Florida policymakers increased the gasoline penny tax to 7 cents per gallon in 1931. It was not until 40 years later, in 1971, that legislators raised it to 8 cents per gallon, with proceeds shared equally between the state and local governments. The rate remained constant until 1983, at which point the state dropped its share of the gasoline tax and replaced it with a sales tax.  As of 2022, the state’s fuel sales tax stands at 15 cents per gallon, a major regressive tax nearly 100 years old.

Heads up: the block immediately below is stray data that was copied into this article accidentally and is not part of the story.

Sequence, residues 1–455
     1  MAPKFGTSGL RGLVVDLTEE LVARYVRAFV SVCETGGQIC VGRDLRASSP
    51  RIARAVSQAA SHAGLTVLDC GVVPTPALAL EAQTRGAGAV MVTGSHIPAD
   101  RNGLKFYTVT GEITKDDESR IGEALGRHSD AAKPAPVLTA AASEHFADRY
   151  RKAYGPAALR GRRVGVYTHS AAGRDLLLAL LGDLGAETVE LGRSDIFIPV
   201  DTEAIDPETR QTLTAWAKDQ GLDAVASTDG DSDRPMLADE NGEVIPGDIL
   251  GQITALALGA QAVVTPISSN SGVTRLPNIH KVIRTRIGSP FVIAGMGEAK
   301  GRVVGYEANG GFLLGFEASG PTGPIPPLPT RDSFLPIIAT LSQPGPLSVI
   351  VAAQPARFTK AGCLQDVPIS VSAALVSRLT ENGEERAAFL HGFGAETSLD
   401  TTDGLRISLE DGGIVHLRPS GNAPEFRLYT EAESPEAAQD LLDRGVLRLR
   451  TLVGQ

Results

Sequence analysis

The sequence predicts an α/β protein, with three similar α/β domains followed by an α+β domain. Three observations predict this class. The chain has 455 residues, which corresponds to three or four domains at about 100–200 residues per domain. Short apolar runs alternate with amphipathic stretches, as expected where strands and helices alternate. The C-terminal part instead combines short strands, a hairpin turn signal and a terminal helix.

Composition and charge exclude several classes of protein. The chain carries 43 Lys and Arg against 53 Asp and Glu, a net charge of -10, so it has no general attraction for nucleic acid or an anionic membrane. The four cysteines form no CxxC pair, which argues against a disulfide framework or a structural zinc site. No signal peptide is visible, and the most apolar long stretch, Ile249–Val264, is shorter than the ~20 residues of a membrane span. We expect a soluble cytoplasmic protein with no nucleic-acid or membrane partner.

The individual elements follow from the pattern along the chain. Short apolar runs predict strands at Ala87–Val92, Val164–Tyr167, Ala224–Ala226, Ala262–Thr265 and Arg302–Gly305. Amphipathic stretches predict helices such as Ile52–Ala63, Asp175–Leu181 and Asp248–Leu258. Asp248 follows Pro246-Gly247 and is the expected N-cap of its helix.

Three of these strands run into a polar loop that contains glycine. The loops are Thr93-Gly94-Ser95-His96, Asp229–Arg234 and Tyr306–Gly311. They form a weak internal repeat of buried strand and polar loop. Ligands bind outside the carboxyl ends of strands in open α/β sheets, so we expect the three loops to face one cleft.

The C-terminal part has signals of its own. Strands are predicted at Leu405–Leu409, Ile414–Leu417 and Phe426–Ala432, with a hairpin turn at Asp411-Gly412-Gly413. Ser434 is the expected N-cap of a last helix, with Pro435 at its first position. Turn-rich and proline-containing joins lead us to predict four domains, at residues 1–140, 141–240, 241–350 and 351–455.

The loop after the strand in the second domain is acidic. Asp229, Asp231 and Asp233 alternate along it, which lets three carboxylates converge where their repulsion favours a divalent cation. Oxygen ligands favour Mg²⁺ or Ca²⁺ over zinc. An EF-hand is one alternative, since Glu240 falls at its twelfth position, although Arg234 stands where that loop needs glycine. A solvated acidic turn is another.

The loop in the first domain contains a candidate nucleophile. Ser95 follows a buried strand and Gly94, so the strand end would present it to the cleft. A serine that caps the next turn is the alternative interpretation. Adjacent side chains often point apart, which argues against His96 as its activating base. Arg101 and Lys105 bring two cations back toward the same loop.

Fuel taxes function on the “benefits principle,” meaning that taxes are imposed on those who receive the benefit (e.g., infrastructure) associated with the tax. However, as automobiles become more energy efficient, those who can afford to buy these vehicles will continue to benefit from Florida’s infrastructure while those who cannot afford the same models will end up paying for it via fuel taxes. Additionally, the impact of racist highway planning, which began to take shape after the Federal Aid Highway Act of 1956, routed some highways directly, and sometimes intentionally, through Black and brown communities. Florida’s infrastructure was built at the expense of Black and brown communities’ health, success, and economic opportunity. For example, 10 Black churches were razed to build I-275 in St. Petersburg; construction of a 40-block I-95 interchange displaced over 10,000 Black people from Overtown in Miami, destroyed its bustling business district and uprooted Florida’s “Harlem of the South”; and I-4 in Orlando was purposefully placed to segregate the Black and white sides of town. The costs and benefits associated with fuel taxes have never been shared equally.